During the Spring Budget it was announced that there will be some (much needed) changes to the rules on Capital Gains Tax (CGT) applying to divorcing couples.
The aim of the new CGT rules, which take effect on 6 April 2023, is to make the process for divorcing couples simpler, fairer, and less pressurised.
What is CGT?
CGT is the tax on the gain (profit) made when an asset is sold. If the asset has increased in value from the value it was acquired at, then a tax on this gain is payable. CGT will be payable on assets such as property that is not the main home, shares, business assets, most personal possessions over £6,000 such as paintings for example.
What were the previous rules? (pre 6 April 2023)
The transfer of assets between spouses and civil partners who are living together are made on a no gain/no loss basis in any tax year in which they are living together. Essentially, CGT is not triggered on assets transferred to a husband/wife/civil partner provided they lived together from 6 April to 5 April the following year. Any gains or losses from the transfer are then deferred until the asset is disposed of (sold) and will later be subject to CGT. The no gain/no loss relief is therefore only available in relation to any transfers made in the remainder of the tax year in which separation happens.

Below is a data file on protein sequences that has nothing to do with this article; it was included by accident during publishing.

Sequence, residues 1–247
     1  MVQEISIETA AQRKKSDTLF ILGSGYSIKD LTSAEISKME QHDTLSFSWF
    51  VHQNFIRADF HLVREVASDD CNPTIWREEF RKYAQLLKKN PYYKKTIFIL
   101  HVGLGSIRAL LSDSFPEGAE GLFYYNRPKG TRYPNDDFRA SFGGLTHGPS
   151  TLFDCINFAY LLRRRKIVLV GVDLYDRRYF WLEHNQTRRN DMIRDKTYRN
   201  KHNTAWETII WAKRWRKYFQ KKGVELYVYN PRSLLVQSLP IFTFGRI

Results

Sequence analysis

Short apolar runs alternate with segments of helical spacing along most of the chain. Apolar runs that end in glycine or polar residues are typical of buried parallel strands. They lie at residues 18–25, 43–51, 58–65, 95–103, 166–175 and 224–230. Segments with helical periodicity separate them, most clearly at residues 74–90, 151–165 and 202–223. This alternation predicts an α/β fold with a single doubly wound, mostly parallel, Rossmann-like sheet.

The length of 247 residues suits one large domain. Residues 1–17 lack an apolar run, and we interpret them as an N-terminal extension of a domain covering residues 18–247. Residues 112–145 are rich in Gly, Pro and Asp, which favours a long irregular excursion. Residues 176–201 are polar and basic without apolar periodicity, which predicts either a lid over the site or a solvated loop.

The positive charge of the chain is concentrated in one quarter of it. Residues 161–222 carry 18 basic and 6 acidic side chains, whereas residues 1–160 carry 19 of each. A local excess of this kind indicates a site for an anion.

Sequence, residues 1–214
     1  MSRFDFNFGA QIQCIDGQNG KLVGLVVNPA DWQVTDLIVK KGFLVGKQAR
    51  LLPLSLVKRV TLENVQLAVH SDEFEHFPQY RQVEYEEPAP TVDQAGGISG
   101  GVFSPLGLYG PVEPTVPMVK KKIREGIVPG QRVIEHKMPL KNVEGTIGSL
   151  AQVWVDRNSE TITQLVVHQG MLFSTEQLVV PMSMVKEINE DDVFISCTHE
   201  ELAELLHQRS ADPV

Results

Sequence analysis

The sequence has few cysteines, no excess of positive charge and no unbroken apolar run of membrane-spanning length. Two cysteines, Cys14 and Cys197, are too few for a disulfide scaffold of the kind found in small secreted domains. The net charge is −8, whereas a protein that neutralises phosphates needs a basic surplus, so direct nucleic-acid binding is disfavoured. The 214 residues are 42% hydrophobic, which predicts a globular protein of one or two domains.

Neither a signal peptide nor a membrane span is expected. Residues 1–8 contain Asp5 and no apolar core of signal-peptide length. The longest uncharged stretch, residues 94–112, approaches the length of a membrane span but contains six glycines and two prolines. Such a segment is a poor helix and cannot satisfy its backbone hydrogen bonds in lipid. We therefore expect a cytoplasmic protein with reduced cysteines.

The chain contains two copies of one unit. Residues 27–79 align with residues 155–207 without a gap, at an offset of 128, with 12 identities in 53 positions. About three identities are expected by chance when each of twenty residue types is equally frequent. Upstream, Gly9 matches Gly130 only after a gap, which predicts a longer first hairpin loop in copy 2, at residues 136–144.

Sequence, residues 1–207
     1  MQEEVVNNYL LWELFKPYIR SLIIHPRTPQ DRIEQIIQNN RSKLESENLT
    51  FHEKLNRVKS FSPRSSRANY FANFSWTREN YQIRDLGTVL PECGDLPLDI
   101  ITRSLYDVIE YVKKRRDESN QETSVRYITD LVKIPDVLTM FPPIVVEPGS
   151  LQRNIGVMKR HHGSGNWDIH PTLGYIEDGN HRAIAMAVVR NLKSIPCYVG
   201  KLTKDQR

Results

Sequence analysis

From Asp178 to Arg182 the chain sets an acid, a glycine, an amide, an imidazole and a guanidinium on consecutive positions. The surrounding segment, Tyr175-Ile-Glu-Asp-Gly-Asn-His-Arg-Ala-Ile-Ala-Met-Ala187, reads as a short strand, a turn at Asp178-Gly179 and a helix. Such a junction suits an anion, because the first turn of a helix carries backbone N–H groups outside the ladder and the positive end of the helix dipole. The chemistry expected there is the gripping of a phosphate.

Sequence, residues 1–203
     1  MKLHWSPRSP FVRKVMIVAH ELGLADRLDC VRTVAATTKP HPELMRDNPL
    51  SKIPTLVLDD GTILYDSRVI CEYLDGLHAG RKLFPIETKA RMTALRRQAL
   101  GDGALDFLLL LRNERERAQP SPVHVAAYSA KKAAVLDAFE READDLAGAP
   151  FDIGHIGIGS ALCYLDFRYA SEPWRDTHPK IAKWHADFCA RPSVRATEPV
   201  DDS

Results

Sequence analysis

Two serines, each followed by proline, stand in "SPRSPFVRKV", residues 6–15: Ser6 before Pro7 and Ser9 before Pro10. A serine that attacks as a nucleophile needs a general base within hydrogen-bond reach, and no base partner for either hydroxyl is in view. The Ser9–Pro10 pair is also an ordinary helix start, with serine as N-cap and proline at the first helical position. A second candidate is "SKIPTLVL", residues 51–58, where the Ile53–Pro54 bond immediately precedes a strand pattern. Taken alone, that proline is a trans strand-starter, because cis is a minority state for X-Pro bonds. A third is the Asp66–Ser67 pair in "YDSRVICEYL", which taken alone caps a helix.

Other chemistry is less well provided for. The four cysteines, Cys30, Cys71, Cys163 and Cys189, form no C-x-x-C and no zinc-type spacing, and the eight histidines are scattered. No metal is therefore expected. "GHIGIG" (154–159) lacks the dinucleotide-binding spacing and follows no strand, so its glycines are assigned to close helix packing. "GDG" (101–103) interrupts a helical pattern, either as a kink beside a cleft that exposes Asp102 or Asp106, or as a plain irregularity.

For example, under the current regime, if a couple separated in February 2023, they would only have until 5 April 2023 to transfer assets to the other spouse, in order to benefit from the no gain/no loss relief. Such tight deadlines can be highly stressful for parties who are already going through an incredibly difficult time during divorce. This can also have a real financial impact on divorcing couples especially if there are delays in reaching a financial settlement due to various reasons.
What are the new rules? (post 6 April 2023)
Divorcing couples will:
- No longer be subjected to a time limit in respect of transfer of assets between themselves. This is provided, the transfer is subject to the terms of an order, including an order by consent, within financial remedy proceedings as part of the overall divorce or dissolution process.
- be given up to 3 years from the end of the tax year of separation whereby they can make no gain/no loss transfers.
- For the spouse who retains the family matrimonial home, be able to claim private residence relief when it is sold, providing they are able to meet the required conditions.
With the help of more time, the likelihood of couples being faced with a sudden large CGT bill reduces and instead payment of CGT can be deferred to a much later date or not be payable at all.
CGT annual exempt amount:
Pre 6th April 2023, the current capital gains annual exempt amount for individuals is £12,300. This has now been reduced to £6,000 and will be further reduced to £3,000 on the 6thApril 2024.
If you have had a CGT report prepared before the Spring Budget, you might need to have it updated in light of the above changes.
The new changes are overall welcome and can hopefully have a positive financial impact for parties during divorce, and ‘lighten the load’ for couples who can then focus on other important areas stemming from their divorce.